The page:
[swift-evolution] [Proposal] Explicit Synthetic Behaviour

Xiaodi Wu xiaodi.wu at gmail.com
Tue Sep 12 11:59:49 CDT 2017

On Tue, Sep 12, 2017 at 09:53 Gwendal Roué <gwendal.roue at gmail.com> wrote:

> > Le 12 sept. 2017 à 12:01, Xiaodi Wu <xiaodi.wu at gmail.com> a écrit :
> >
> >> There is this sample code by Thorsten Seitz with a cached property
> which is quite simple and clear :
> https://lists.swift.org/pipermail/swift-evolution/Week-of-Mon-20170911/039684.html
> >>
> >> This is the sample code that had me enter the "worried" camp.
> >
> > Sorry, I fail to see what the problem is in that example. A method was
> invoked that changed a stored property of one instance. Therefore, it’s no
> longer equal to the other instance. If you want a custom notion of
> equality, you should implement it yourself. In the absence of such, the
> _default_ notion of equality is pretty clear.
> Yes, I agree with you. As long as you reason in this way, there is no
> problem at all, just a programmer error.
> I'll try to show that you need to play some moves further before problems
> appear. Don't look at the code as a static thing, but as a living thing.
> Please follow me: will you play a little programmer game? Here is a
> snippet of code. It is embedded in this Xcode project which, as you can
> see, contains hundreds of files. Your mission is to add an extra property
> which should not be considered for Equatable adoption. How do you do that?
>         struct S : Equatable {
>                 var x: Int
>         }
> The answer is:
> 1. Find if there is an extension somewhere that implements Equatable
> conformance.
> 2. If you are eventually sure that there is no explicit conformance yet,
> write the correct one.
> You may know that proving that something does not exist is harder than the
> opposite, and the step 1 above seems dubious to you. You are right. You
> thus use this smarter technique:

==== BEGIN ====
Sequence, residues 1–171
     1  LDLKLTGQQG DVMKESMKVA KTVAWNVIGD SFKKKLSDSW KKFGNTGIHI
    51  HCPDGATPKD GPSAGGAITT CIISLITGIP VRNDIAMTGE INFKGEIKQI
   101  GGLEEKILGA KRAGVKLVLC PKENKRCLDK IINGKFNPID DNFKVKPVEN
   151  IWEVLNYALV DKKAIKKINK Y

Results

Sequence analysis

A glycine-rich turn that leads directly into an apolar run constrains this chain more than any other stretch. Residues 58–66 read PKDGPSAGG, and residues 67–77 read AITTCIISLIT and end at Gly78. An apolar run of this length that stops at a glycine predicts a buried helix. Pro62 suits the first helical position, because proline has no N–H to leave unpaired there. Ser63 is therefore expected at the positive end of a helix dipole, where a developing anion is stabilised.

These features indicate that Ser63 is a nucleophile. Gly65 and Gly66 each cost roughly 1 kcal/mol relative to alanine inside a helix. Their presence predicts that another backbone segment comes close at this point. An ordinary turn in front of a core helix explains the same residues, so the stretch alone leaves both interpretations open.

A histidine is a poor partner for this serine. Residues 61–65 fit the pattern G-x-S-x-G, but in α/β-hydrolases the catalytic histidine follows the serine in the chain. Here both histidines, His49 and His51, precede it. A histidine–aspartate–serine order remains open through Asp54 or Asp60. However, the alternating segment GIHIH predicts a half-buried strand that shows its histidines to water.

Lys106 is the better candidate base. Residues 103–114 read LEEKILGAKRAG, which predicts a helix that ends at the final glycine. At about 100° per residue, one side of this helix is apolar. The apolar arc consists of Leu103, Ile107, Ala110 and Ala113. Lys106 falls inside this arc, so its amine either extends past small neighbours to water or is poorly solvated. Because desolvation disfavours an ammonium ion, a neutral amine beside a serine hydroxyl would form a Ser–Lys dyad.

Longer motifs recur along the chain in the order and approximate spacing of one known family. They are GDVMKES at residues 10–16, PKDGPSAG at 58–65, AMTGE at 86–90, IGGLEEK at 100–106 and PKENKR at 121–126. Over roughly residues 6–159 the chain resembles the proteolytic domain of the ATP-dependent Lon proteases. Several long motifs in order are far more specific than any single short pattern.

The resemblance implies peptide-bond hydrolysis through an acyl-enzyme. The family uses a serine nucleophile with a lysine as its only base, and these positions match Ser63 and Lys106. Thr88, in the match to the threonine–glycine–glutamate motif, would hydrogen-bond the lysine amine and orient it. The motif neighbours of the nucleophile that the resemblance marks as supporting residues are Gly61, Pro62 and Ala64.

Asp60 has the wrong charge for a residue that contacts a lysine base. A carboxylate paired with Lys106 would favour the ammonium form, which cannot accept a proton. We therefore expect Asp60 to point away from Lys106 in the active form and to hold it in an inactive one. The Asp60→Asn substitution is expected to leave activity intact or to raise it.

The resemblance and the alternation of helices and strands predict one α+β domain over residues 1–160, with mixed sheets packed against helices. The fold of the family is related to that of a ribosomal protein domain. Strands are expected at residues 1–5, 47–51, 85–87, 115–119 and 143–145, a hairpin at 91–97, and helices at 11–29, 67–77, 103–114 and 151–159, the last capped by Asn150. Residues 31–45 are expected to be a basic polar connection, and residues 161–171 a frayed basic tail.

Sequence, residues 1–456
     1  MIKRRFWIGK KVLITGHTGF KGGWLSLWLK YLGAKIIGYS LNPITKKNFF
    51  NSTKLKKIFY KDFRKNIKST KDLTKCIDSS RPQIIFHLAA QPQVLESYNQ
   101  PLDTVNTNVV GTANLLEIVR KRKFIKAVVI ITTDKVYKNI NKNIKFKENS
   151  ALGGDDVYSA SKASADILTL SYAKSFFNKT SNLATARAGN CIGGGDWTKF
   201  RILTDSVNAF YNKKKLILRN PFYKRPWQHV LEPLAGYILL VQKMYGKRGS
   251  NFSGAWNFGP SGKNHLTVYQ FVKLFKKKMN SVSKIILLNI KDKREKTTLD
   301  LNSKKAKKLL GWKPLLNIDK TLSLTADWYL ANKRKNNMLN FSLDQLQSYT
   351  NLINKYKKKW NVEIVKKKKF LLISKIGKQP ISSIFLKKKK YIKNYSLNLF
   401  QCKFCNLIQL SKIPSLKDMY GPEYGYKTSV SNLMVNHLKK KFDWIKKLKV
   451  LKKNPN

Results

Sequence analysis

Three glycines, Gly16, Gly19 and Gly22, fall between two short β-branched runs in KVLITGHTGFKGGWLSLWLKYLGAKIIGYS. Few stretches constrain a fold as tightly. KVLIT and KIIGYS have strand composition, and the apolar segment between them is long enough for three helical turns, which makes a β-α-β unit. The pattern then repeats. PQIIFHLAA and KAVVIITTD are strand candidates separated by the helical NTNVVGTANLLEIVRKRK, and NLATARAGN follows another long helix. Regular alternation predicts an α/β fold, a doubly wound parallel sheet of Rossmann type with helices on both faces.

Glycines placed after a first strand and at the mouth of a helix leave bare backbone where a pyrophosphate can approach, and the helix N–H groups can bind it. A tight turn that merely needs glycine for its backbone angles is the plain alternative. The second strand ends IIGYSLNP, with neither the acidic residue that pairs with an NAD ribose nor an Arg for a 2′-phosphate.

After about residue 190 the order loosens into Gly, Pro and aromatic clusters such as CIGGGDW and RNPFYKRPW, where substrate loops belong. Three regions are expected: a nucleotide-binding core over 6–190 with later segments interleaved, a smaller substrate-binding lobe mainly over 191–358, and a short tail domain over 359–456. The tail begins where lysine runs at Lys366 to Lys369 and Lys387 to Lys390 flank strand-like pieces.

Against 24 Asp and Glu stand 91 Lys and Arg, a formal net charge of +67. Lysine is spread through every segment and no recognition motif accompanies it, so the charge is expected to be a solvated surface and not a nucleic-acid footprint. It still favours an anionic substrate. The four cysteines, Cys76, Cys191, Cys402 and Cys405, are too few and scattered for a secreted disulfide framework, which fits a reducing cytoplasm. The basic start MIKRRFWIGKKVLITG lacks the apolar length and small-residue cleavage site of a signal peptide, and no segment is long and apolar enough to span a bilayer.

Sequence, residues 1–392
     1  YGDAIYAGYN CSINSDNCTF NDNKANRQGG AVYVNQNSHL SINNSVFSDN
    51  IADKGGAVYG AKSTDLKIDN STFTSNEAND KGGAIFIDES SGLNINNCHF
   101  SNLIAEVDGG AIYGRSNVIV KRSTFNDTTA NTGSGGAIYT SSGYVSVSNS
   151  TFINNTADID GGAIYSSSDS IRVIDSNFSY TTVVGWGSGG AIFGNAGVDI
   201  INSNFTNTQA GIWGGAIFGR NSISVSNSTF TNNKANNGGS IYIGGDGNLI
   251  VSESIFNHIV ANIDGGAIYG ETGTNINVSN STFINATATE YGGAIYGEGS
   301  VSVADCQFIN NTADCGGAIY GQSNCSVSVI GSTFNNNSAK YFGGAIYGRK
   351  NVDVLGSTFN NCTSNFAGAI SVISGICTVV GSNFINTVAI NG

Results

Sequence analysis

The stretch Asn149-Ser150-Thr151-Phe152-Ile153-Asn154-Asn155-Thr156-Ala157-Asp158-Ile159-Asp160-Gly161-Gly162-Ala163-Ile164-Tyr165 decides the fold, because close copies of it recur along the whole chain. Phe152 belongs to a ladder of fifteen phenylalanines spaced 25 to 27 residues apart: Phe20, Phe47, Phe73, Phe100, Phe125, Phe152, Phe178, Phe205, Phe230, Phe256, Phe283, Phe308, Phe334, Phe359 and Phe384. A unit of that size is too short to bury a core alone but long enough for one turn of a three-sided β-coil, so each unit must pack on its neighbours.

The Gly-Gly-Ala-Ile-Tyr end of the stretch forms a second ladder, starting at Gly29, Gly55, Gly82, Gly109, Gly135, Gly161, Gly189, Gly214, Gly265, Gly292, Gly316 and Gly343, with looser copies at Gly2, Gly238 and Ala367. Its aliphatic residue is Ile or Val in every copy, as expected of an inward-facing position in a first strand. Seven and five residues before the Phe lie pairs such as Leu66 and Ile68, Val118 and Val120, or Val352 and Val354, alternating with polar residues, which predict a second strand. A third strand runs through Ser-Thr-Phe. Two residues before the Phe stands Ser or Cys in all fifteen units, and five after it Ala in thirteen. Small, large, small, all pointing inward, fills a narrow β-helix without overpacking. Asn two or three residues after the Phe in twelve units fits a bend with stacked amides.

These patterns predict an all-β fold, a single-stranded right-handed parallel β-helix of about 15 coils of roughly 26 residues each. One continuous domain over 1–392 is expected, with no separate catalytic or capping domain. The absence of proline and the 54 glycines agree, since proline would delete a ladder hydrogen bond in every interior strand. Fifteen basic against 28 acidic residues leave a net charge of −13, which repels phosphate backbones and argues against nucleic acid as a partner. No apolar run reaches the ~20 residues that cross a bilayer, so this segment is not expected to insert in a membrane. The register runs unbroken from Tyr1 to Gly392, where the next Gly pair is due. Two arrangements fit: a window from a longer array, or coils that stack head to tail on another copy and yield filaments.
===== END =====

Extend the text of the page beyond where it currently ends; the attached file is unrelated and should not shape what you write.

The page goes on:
> 1. Write a dummy explicit conformance to Equatable, compile.
> 2. If compiler does not complain about duplicate implementation, conclude
> that there is no explicit conformance yet, and write the correct one.
> Problem solved. And nice display of smartness and funny little compiler
> tricks. </irony>
> ----
> No. Please look at the topic from above, and look at how developers are
> working. Troubles in synthesized conformance can happen for several reasons:
> 1. Lack of knowledge. As you tend to day, nobody is supposed to ignore the
> law, and the bug is the fault of the programmer.
> 2. The developper creates the type, plans to add specific implementation,
> and forgets.
> 3. The developper eventually adds a property and misses the fact that a
> synthesized conformance exists (and is now incorrect).
> 4. The developper eventually adds a property and misses the fact that the
> synthesized conformance is now incorrect.
> 5. The developper eventually adds a property, plans to fix the synthesized
> conformance, and forgets.
> Cases 2, 3 and 5 are examples of good faith mistakes.
> In none of those cases, the compiler emits any warning. It's thus easy to
> forget or miss the problem, and uneasy to fix it (you'll need a runtime
> failure to spot it, or a thorough code review).
> I hope you agree with this last sentence. This unbalance between the
> easiness of the mistake and the easiness of the fix should ring a bell to
> language designers.

Suppose instead this were about a protocol named Fooable and a requirement
called foo() that has a default implementation. Everything you just talked
about would apply equally. Am I to understand that you are opposed to
default implementations in general? If so, then that’s got nothing to do
with synthesized Equatable conformance. If not, then you’ll have to justify

Beyond that, it's very hard to improve one's skills in face of those
> programmer errors. They have not much value beyond blind punishment. You
> can't learn from them. I'm the last one who wishes to see a weird cultural
> paranoia against Equatable: look at how "smart" and versed in Swift
> subtleties you need to be to just add a simple property to an innocuous
> struct!
> Gwendal
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